MARINA ABRAMOVIC: "The world doesn't need an artist who shows reality as it is. We know reality is shitty. An artist has to look at the future, to see what we can do better."
DAVID SEDARIS: "You know, when you're young, you don't think you're youthful, because it's the only life you've ever known. But when you get older, you know what you've lost. Now that's something to write about."
CYNDI LAUPER: "When you're on a pop tour it's all rock 'n' roll, baby, and they keep you up all night. On Broadway it's, 'Cyndi, you've got a rehearsal tomorrow, go home instead of having another glass of wine.'"
ADAM GOPNIK: "If you have to choose between puritanism and pleasure, you must be careful to choose wisely."
PINCHAS ZUKERMAN: "You have to have three elements to play music. You have to have a brain, of course. Then you have to have some heart. And finally, there has to be something burning inside your belly which makes you want to do this above and beyond everything else."
MICHAEL PALIN: "Television is a lot different now than it was when I started in the business. There's no more commonality of experience. There's no more families sitting around the screen watching the same show and making it something they share."
JANE LYNCH: "I had those fantasies in the back of my mind that everyone does that someone would spot me and grab me and make me a star, but when it didn't happen, I learned to just enjoy the ride. Smartest thing I ever did."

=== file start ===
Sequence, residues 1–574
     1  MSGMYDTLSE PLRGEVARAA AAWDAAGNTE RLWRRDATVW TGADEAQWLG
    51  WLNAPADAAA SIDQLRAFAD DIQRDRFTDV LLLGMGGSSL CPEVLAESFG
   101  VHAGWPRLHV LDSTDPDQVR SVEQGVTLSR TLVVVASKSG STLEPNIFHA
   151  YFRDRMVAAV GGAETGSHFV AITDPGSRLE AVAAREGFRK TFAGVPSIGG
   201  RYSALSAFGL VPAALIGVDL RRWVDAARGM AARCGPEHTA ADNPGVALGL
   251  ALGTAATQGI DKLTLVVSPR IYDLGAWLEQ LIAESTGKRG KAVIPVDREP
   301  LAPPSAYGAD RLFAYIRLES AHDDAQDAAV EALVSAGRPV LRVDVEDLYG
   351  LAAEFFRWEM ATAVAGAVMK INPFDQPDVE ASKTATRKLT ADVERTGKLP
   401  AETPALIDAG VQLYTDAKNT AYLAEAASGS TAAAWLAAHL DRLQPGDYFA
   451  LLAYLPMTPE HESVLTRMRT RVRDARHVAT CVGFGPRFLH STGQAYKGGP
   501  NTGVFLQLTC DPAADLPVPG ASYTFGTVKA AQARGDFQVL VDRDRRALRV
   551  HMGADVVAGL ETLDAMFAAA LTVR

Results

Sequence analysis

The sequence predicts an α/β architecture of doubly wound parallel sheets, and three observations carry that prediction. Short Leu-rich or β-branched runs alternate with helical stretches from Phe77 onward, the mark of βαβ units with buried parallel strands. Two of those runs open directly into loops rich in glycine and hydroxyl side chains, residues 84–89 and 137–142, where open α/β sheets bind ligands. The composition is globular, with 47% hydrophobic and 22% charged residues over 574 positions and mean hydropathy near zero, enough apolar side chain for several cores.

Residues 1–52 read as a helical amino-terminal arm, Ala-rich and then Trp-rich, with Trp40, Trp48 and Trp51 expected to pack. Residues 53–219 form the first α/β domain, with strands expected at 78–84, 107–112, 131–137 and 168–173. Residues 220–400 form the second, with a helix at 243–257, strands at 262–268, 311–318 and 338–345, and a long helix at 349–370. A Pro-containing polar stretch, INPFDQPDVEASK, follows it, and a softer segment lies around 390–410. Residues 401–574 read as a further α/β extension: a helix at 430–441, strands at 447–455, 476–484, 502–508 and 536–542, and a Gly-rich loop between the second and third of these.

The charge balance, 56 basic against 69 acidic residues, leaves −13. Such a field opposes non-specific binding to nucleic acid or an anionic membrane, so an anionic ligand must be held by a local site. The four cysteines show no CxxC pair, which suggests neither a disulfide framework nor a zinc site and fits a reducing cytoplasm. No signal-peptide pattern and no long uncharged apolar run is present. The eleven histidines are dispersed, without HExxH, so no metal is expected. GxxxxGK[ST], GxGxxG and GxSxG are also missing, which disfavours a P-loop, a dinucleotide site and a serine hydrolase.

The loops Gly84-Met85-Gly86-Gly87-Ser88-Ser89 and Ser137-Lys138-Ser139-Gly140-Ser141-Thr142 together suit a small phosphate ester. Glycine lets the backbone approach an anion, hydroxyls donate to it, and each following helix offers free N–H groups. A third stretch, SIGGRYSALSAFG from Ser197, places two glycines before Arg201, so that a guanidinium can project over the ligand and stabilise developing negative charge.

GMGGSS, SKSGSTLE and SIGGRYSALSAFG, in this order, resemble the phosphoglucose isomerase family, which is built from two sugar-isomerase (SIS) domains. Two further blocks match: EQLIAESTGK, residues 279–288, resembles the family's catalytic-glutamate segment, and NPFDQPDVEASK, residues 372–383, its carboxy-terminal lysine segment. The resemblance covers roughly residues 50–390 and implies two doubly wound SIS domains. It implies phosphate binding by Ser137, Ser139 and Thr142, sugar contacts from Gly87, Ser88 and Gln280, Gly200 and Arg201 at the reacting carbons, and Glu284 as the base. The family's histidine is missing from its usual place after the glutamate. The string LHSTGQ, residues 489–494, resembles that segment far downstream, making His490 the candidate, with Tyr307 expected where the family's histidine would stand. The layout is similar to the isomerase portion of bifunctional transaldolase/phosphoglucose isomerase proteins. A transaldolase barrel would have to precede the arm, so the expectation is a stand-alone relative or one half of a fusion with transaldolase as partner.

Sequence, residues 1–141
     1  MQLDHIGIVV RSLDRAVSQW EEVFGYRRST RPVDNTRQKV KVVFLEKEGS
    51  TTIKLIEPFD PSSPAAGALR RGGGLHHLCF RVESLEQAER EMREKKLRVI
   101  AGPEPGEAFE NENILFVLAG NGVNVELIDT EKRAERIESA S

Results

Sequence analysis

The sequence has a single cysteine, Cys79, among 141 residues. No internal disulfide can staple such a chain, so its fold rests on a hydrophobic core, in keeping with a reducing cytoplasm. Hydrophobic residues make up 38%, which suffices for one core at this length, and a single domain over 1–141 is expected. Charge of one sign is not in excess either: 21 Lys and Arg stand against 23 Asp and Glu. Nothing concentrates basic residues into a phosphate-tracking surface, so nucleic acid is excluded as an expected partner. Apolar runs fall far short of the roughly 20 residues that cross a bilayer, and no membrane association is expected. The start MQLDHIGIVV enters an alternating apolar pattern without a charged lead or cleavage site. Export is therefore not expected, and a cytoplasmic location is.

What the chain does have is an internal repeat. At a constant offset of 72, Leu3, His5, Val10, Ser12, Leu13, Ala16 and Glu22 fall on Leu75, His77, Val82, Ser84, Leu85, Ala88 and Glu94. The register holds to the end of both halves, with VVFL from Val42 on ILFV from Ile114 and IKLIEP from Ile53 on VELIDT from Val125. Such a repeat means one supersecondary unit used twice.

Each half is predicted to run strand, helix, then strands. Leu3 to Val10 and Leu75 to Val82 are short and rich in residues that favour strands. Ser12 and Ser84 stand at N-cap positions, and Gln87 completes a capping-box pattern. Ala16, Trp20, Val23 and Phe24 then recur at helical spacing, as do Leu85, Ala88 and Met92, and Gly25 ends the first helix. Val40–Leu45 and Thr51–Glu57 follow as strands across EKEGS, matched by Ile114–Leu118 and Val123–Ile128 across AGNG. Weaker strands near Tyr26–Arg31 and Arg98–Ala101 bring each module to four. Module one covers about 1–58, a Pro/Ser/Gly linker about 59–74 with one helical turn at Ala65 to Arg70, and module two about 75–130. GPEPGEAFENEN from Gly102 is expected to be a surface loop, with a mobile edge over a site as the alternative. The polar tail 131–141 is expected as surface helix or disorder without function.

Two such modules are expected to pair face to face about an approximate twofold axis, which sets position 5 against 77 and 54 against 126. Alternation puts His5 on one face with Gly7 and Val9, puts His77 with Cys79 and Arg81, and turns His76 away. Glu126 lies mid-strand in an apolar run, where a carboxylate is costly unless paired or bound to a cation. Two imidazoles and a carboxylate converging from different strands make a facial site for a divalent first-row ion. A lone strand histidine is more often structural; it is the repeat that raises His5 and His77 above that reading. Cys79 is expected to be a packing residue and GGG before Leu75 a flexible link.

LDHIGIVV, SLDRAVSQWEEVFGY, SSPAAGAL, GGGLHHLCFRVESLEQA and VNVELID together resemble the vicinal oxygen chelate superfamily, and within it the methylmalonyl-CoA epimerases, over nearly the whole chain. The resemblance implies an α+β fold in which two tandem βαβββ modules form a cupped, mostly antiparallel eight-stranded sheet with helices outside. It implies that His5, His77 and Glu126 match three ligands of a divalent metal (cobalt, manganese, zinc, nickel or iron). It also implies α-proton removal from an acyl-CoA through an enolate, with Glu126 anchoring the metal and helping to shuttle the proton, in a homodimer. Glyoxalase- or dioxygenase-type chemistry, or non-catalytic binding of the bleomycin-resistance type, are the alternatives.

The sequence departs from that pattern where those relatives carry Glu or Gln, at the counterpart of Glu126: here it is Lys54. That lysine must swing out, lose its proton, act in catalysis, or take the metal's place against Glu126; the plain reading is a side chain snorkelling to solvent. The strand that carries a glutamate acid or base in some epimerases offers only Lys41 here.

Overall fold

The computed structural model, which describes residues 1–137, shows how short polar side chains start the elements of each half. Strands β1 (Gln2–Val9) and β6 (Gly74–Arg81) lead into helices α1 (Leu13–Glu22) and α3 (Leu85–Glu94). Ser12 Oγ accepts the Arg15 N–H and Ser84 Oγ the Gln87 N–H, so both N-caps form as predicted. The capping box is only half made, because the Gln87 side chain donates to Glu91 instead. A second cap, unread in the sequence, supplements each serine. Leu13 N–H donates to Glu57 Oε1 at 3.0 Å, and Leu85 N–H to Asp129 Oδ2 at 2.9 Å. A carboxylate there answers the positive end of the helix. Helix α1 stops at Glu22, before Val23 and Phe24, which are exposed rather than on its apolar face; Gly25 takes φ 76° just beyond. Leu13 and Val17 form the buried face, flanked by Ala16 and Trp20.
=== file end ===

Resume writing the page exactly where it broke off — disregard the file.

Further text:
JAMES EARL JONES: "I enjoy it when black actors get to play parts that used to belong to white actors, but they have to be right for them. You've got to play the culture, not the colour."
BRAD GARRETT: "You know, I've squeezed a hell of a lot out of my 15 minutes of fame."
DAVID HASSELHOFF: "Baywatch. It gave the world Pamela Anderson and it gave me a couple of million dollars. But there's a funny thing about being on a hit show for a long time. When it ends, people think you died or something. The phone doesn't ring a lot."
RAYMOND TELLER: (Penn & Teller) "Just think about the moral implications of magic. If any so-called magicians ever had real magical powers, why would they waste them moving a car from one place to another? What about a cure for cancer? What about world hunger?"
DREW CAREY: "I went from no money to a lot of money. That's the biggest difference. Being famous is good and bad. You get treated better no matter where you go, but you lose a lot of privacy. It's a deal you make."
BILL COSBY: "There were other black comedians at the time and they concentrated on how different they were from the white people they were playing to. That wasn't my strategy. If you had the same problems with kids, or a job or a car that I did, then you'd identify with me. And then, what do you know? You were agreeing with a black man."
BEN HEPPNER: "I never knew what all the rules were back then. I'm still learning. But I guess if you've got some talent and some wit and some inspiration, you can go pretty far."
STUART MCLEAN: "My success seems very small to me. I'm a radio guy and a book guy. I've chosen the two quietest media to work in. The fame is very modest."
NICK OFFERMAN: "How do you make love in a canoe? Slowly. Very slowly and with some modicum of grace. You have to stay low, below the gunnels. That's my only advice."
CHRISTINA HENDRICKS: "Don Draper made a habit out of behaving badly from day one and everyone thought it was so attractive and sexy and wanted to be like him. Now that his life seems to be falling apart, I don't think anyone wants to emulate him anymore."
JEREMY IRONS: "There's many a morning I wake up and say, 'God, what did I do last night? I must be crazy!'...Well, fortunately not that often."